In the 1970s, men in northern Sweden had among the highest prevalences of cardiovascular diseases (CVD) worldwide. An intervention program combining population- and individual-oriented activities was initiated in 1985. Concurrently, collection of information on medical risk factors, lifestyle and anthropometry started. Today, these data make up one of the largest databases in the world on diet intake in a population-based sample, both in terms of sample size and follow-up period. The study examines trends in food and nutrient intake, serum cholesterol and body mass index (BMI) from 1986 to 2010 in northern Sweden.
Cross-sectional information on self-reported food and nutrient intake and measured body weight, height, and serum cholesterol were compiled for over 140,000 observations. Trends and trend breaks over the 25-year period were evaluated for energy-providing nutrients, foods contributing to fat intake, serum cholesterol and BMI.
Reported intake of fat exhibited two significant trend breaks in both sexes: a decrease between 1986 and 1992 and an increase from 2002 (women) or 2004 (men). A reverse trend was noted for carbohydrates, whereas protein intake remained unchanged during the 25-year period. Significant trend breaks in intake of foods contributing to total fat intake were seen. Reported intake of wine increased sharply for both sexes (more so for women) and export beer increased for men. BMI increased continuously for both sexes, whereas serum cholesterol levels decreased during 1986 - 2004, remained unchanged until 2007 and then began to rise. The increase in serum cholesterol coincided with the increase in fat intake, especially with intake of saturated fat and fats for spreading on bread and cooking.
Men and women in northern Sweden decreased their reported fat intake in the first 7 years (1986-1992) of an intervention program. After 2004 fat intake increased sharply for both genders, which coincided with introduction of a positive media support for low carbohydrate-high-fat (LCHF) diet. The decrease and following increase in cholesterol levels occurred simultaneously with the time trends in food selection, whereas a constant increase in BMI remained unaltered. These changes in risk factors may have important effects on primary and secondary prevention of cardiovascular disease (CVD).
Cites: Scand J Public Health Suppl. 2003;61:18-2414660243
Overweight and obesity are growing problems both in Canada and around the world. Obesity is associated with a number of chronic diseases including type 2 diabetes and CVD, which puts a tremendous burden on the health care systems in place. The present study sought to investigate whether there were differences in the effectiveness of three low-fat, hypo- and isoenergetic diets differing in protein:carbohydrate ratio, low protein (LP, 1 g protein:4 g carbohydrate), normal protein (NP, 1 g protein:2 g carbohydrate) or high protein (HP, 1 g protein:1 g carbohydrate), on weight loss and markers of the metabolic syndrome (MetS) in overweight women. Subjects were randomly assigned to receive one of three intervention diets, all of which included a 60 min exercise programme three times/week for 12 weeks. Of the total subjects, fifty-four overweight and obese local women with MetS risk factors completed the study. All groups had similar improvements in body weight, insulin sensitivity, lipid profile, blood pressure and fitness. Subjects reported that the NP diet was easier to comply with and achieved better improvements in body fat, waist circumference and waist:hip ratio, and preservation of lean mass compared with the other two diets. In conclusion, energy restriction and exercise both facilitate weight loss in overweight and obese subjects and reduce symptoms of the MetS. A diet with a 1:2 protein:carbohydrate ratio promoted better improvements than either the LP or HP diets, and may be superior in reducing long-term chronic disease risk in this population.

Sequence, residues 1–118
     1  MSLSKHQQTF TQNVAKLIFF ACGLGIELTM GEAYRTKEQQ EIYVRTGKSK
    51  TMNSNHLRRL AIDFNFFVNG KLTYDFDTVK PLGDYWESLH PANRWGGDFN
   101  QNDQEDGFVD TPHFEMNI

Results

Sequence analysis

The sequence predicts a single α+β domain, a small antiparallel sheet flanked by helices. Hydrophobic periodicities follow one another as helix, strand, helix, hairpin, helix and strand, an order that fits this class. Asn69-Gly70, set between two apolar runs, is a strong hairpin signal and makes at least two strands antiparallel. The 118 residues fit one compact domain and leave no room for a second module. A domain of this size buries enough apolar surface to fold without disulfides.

OBJECTIVE: The long-term health consequences of diets used for weight control are not established. We have evaluated the association of the frequently recommended low carbohydrate diets - usually characterized by concomitant increase in protein intake - with long-term mortality. DESIGN: The Women's Lifestyle and Health cohort study initiated in Sweden during 1991-1992, with a 12-year almost complete follow up. SETTING: The Uppsala Health Care Region. SUBJECTS: 42,237 women, 30-49 years old at baseline, volunteers from a random sample, who completed an extensive questionnaire and were traced through linkages to national registries until 2003. MAIN OUTCOME MEASURES: We evaluated the association of mortality with: decreasing carbohydrate intake (in deciles); increasing protein intake (in deciles) and an additive combination of these variables (low carbohydrate-high protein score from 2 to 20), in Cox models controlling for energy intake, saturated fat intake and several nondietary covariates. RESULTS: Decreasing carbohydrate or increasing protein intake by one decile were associated with increase in total mortality by 6% (95% CI: 0-12%) and 2% (95% CI: -1 to 5%), respectively. For cardiovascular mortality, amongst women 40-49 years old at enrolment, the corresponding increases were, respectively, 13% (95% CI: -4 to 32%) and 16% (95% CI: 5-29%), with the additive score being even more predictive. CONCLUSIONS: A diet characterized by low carbohydrate and high protein intake was associated with increased total and particularly cardiovascular mortality amongst women. Vigilance with respect to long-term adherence to such weight control regimes is advisable.